Abstract The teaching of ethics is discussed within the context of insights gleaned from ancient Greek ethics, particularly Aristotle and Plato and their conceptions of virtue (arete, meaning excellence). The virtues of excellence of character (moral virtue) and excellence of intelligence (intellectual virtue), particularly practical wisdom and theoretical wisdom, are considered. In Aristotelian ethics, a distinction is drawn between these intellectual virtues: experience and maturity is needed for practical wisdom, but not for theoretical wisdom...
October 2006: Nursing Philosophy: An International Journal for Healthcare Professionals
https://www.readbyqxmd.com/read/11012813/intolerable-human-suffering-and-the-role-of-the-ancestor-literary-criticism-as-a-means-of-analysis
#11
E Harrison
Intolerable human suffering and the role of the ancestor: literary criticism as a means of analysis This essay explores the experience of intolerable human suffering in Toni Cade Bambara's novel, The Salt Eaters. The method of analysis is literary criticism, a technique that shares many of the same goals as other types of inquiry. It employs close reading to illuminate the novel's meaning(s), thereby revealing information about the nature of intolerable human suffering. Morrison's characteristics of black art is the literary and cultural framework that guides the analysis of Bambara's novel...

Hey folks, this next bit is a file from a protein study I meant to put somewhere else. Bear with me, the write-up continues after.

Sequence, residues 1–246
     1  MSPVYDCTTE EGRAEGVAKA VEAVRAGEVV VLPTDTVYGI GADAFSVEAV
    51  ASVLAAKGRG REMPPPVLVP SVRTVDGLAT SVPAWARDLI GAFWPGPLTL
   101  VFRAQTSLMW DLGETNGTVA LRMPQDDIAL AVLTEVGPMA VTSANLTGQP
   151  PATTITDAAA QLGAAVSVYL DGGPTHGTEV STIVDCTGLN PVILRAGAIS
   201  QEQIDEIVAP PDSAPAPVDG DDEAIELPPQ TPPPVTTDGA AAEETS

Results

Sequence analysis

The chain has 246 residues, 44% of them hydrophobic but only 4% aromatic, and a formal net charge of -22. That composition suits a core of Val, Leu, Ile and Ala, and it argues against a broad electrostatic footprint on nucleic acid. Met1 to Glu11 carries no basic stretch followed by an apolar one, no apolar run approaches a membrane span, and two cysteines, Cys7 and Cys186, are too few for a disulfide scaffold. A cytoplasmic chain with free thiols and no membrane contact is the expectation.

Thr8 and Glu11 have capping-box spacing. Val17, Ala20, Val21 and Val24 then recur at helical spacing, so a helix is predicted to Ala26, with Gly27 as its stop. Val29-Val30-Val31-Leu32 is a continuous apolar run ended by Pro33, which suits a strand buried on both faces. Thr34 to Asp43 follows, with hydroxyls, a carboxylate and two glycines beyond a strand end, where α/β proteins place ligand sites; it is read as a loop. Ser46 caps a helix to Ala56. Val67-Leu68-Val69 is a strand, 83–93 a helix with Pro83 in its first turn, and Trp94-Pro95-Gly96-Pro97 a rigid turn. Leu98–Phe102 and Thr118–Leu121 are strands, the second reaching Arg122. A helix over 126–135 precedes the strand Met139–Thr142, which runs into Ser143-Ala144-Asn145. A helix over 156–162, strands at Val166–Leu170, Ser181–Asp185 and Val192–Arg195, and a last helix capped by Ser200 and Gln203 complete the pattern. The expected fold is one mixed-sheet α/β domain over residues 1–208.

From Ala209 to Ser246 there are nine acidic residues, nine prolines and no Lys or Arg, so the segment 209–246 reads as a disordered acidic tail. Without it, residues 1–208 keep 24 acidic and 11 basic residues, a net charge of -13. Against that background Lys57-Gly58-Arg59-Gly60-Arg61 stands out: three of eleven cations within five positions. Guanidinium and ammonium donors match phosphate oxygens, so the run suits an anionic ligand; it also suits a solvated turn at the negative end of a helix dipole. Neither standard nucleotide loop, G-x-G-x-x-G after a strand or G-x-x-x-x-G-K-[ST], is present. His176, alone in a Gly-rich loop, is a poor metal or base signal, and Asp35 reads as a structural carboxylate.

September 2000: Journal of Advanced Nursing
https://www.readbyqxmd.com/read/8518344/-poor-promotional-practices-in-pharmaceutical-communication-the-anti-medical-visit-international-experience
#12
P Castillo Pérez
We start with a short introduction about the concept of "bad promotional practices" within the Pharmaceutical Industry's (PHI) communication, giving rise to the birth of so-called "un-representatives" (un'rep). Taking the self-control model from the "Association of the British Pharmaceutical Industry" (ABPI), based upon the "code of practice" as a paradigma, we comment about those who notify presumed code's breaches besides the assessment process and penalties that are usually imposed. We also considered the possibility that sometimes the physician instead of being a prosecutor is accused, by the PHI, of supposed "Medical Deonthological Code's" Infringement...
May 1993: Anales de Medicina Interna: Organo Oficial de la Sociedad Española de Medicina Interna